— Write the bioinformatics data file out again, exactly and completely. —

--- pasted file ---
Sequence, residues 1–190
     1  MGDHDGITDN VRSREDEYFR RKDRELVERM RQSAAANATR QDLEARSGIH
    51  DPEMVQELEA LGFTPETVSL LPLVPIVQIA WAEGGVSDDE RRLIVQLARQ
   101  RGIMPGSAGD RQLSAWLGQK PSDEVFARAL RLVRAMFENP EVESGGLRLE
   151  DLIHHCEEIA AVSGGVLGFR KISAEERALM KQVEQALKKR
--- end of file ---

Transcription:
Sequence, residues 1–190
     1  MGDHDGITDN VRSREDEYFR RKDRELVERM RQSAAANATR QDLEARSGIH
    51  DPEMVQELEA LGFTPETVSL LPLVPIVQIA WAEGGVSDDE RRLIVQLARQ
   101  RGIMPGSAGD RQLSAWLGQK PSDEVFARAL RLVRAMFENP EVESGGLRLE
   151  DLIHHCEEIA AVSGGVLGFR KISAEERALM KQVEQALKKR